Factors associated with delays to surgical presentation in North-West Cameroon
Training and capacity buildingMeasurementQuality Improvement
Few studies have examined critically the delays in definitive management for surgical diseases in Sub-Saharan Africa. This study investigates factors contributing to delays at Mbingo Baptist Hospital, a tertiary referral hospital in Cameroon.
During a 6-week period, we randomly interviewed 220 patients (39.2%) admitted to the surgical or orthopedic service and/or their caregivers. All patients >age 15 years admitted with a diagnosis of cancer or urgent operative condition (defined as requiring a definitive operation within 48 hours of admission) including trauma were interviewed. Delay was defined as receiving treatment >7 days after symptoms appeared in the urgent cohort and >1 month for the cancer cohort.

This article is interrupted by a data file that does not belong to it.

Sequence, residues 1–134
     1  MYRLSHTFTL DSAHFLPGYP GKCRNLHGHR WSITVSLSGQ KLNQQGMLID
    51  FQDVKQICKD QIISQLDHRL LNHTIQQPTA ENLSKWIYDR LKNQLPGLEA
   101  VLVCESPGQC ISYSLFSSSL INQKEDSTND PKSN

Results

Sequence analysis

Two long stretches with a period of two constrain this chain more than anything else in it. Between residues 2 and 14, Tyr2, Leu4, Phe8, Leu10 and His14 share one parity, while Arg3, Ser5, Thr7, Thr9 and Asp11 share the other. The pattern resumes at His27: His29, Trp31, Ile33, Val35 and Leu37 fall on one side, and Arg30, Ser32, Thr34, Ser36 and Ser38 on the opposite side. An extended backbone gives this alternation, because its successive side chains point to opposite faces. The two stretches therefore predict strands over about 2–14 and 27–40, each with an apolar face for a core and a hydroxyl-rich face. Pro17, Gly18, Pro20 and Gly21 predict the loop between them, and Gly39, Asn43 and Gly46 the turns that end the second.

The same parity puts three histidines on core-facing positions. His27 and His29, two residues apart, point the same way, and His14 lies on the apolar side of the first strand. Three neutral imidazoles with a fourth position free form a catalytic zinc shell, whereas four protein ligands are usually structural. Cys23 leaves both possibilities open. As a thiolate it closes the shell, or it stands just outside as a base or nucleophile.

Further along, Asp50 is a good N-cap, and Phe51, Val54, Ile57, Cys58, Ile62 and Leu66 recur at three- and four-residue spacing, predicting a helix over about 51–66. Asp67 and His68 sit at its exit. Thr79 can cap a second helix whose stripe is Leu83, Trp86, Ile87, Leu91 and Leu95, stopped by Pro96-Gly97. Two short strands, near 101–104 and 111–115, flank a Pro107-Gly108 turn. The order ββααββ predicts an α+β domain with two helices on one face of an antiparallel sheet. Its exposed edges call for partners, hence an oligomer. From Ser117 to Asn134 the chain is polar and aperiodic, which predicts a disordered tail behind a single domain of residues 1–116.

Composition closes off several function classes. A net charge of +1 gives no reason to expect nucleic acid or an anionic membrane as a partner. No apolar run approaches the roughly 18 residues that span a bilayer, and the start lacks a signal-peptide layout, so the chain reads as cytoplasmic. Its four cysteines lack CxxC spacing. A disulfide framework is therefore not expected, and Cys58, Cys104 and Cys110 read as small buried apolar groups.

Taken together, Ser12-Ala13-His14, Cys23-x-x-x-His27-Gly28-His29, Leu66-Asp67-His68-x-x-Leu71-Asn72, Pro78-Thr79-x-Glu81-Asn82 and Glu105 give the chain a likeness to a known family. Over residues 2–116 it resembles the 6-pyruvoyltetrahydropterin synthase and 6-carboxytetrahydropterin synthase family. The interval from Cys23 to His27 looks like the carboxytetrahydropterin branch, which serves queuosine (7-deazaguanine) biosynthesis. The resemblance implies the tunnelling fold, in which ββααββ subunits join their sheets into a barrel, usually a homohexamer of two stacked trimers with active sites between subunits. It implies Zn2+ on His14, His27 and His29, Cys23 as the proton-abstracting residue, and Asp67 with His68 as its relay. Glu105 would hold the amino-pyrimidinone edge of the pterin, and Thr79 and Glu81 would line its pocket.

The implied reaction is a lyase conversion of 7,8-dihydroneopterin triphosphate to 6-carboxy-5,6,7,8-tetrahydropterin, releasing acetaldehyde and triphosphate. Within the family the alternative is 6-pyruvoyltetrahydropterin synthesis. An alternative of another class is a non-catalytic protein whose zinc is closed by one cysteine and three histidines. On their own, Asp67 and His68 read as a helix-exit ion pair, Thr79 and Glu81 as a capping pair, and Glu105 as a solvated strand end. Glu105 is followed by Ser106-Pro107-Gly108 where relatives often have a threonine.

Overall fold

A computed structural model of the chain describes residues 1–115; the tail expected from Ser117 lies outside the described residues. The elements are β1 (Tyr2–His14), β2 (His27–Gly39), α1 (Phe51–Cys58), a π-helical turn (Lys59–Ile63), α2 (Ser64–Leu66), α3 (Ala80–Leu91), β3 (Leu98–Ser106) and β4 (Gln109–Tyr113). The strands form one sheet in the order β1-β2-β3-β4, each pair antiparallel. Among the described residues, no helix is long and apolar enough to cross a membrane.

In the urgent cohort, 60.3% patients had delays >7 days to hospital presentation. Compared with nondelayed patients, delayed patients were more likely to have sought care >1 day after symptoms appeared (45.4% vs 6.3%, P < .0001) and to have received previous medical care (92.8% vs 73.4%, P = .0007). Of all patients who received previous care, those with delays, compared those with no delays, visited ≥2 other providers (50.5% vs 18.8%, P < .0001), received a surgical procedure at previous episode(s) of care (21.1% vs 6.4%, P = .026), and felt no improvement after this care (80.4% vs 61.0%, P = .003). In the cancer cohort, 100% experienced >1 month delay. 100% had received medical care prior to arriving at Mbingo Baptist Hospital, 81.4% sought care from at least 3 different facilities, and none believed this care addressed their health concerns.
Significant delays most often were caused by time spent on previous failed attempts at care. This information can be used to inform policy discussions about optimal health care organization within the country.